"I decided to swim ... but I changed my mind after seeing U.S. helicopters firing on and killing people who tried to cross the river."
He watched horrified as a family of five was shot dead as they tried to cross. Then, he "helped bury a man by the river bank, with my own hands."
"I kept walking along the river for two hours and I could still see some U.S. snipers ready to shoot anyone who might swim. I quit the idea of crossing the river and walked for about five hours through orchards."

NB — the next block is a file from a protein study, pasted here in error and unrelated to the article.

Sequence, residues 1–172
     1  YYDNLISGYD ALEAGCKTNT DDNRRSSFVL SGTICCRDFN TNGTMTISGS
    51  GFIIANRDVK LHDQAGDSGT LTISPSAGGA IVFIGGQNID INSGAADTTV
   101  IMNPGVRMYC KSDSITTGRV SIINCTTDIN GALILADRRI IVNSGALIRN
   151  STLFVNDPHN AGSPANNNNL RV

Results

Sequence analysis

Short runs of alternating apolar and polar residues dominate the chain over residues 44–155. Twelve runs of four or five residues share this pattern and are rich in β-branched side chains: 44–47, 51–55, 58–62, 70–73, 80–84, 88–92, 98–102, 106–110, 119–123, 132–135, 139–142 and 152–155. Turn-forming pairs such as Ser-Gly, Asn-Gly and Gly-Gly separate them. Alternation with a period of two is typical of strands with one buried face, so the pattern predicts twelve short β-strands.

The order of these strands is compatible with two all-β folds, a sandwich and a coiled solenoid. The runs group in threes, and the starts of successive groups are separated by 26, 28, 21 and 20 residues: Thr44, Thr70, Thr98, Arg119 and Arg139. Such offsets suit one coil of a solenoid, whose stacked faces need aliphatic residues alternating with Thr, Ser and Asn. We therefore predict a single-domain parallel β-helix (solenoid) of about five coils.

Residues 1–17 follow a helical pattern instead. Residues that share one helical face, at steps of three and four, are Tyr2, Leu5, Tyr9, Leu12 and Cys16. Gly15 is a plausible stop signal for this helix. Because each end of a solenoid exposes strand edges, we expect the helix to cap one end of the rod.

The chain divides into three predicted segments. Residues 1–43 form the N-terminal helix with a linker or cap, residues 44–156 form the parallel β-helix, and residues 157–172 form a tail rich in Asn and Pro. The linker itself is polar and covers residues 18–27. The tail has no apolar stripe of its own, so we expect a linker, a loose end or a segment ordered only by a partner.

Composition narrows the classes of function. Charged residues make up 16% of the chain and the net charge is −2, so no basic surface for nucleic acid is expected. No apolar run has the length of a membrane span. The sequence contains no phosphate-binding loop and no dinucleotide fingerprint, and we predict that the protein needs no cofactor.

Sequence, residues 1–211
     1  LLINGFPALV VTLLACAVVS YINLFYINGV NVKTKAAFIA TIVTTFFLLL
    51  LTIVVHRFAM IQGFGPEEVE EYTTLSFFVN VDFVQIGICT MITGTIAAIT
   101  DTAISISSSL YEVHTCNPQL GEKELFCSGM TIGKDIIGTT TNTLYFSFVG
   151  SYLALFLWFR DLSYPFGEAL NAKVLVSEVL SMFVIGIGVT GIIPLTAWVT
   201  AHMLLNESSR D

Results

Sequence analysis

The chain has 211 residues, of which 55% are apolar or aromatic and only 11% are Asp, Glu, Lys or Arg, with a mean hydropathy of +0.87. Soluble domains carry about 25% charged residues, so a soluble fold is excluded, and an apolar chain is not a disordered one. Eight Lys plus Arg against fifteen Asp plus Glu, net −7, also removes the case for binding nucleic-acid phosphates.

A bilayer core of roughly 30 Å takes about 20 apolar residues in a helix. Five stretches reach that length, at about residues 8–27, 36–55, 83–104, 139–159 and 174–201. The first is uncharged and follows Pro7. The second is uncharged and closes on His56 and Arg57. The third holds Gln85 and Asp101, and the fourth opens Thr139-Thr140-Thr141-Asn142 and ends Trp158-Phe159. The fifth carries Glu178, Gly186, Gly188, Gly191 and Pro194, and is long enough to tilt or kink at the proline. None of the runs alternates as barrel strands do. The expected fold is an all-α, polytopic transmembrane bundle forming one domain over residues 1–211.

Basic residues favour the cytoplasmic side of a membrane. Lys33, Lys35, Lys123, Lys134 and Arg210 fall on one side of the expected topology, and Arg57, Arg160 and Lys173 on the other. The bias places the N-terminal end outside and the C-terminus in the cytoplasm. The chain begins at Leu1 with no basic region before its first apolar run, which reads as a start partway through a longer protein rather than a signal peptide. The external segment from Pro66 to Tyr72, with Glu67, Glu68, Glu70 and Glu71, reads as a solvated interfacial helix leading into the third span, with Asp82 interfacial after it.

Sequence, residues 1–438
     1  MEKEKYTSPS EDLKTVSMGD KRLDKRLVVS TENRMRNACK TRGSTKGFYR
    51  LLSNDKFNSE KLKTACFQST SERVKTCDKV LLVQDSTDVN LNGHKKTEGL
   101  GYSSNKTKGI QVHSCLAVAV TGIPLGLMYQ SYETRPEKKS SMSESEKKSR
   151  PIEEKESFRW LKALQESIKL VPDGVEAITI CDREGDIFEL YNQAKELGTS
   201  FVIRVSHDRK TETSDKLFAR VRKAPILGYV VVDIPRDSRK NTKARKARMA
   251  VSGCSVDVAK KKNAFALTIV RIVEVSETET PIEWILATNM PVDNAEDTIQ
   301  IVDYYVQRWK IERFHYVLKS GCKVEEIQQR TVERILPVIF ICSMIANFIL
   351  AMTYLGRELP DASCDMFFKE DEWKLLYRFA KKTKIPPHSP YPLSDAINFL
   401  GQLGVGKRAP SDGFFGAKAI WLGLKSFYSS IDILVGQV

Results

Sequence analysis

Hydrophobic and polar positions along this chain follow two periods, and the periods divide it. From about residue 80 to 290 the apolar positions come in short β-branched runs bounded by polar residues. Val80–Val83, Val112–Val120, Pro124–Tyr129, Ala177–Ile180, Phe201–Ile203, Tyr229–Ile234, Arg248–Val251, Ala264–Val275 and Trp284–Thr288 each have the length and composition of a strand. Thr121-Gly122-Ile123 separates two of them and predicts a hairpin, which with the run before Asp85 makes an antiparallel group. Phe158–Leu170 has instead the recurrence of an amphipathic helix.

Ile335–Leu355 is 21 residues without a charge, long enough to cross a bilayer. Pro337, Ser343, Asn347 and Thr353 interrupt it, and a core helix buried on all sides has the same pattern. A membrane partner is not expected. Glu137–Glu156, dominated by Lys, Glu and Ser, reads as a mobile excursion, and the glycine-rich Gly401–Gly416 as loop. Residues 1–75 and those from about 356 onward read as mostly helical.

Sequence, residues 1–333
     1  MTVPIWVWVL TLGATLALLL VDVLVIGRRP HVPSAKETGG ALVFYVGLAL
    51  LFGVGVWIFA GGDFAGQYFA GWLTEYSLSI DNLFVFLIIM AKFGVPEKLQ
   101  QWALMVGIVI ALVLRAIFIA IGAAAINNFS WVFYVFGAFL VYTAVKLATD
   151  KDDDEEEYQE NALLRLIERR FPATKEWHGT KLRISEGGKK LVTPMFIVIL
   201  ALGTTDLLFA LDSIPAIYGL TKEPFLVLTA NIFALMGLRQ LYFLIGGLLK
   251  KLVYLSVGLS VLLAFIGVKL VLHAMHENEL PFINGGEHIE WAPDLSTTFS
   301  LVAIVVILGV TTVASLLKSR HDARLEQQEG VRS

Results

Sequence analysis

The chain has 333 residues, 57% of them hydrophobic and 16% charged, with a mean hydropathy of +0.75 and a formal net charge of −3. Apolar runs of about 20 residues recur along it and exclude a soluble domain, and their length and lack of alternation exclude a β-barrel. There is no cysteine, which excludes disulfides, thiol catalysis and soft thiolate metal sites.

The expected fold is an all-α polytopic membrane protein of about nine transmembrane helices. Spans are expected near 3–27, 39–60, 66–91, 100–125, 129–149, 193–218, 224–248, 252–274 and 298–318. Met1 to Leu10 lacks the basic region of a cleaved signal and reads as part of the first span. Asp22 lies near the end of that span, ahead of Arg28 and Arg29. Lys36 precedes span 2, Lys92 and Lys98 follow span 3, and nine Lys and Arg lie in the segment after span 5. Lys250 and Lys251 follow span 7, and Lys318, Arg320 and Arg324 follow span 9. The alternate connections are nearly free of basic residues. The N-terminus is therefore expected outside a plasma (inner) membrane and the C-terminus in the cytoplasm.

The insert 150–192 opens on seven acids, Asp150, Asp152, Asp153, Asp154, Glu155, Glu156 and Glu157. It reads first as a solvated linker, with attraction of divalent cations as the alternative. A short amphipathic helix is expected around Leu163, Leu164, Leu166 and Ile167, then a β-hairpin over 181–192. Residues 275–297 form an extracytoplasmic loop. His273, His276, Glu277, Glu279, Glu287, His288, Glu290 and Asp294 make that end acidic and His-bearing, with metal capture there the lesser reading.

John Keegan, in "The Face of Battle,'' writes about the Battle of Agincourt. Henry V has invaded France out of political ambition. He would like to be more than just king of England. (Shakespeare gives Henry the line: "The signs of war advance, no king of England if not king of France.") At a point of crisis in the battle, Henry orders the killing of his French prisoners. There are too many of them. And if the tide should turn against the English, the French prisoners represent an unacceptable threat. Mr. Keegan writes about Henry's decision: "Comprehensible in harsh tactical logic; in ethical, practical and human terms, much more difficult to understand."
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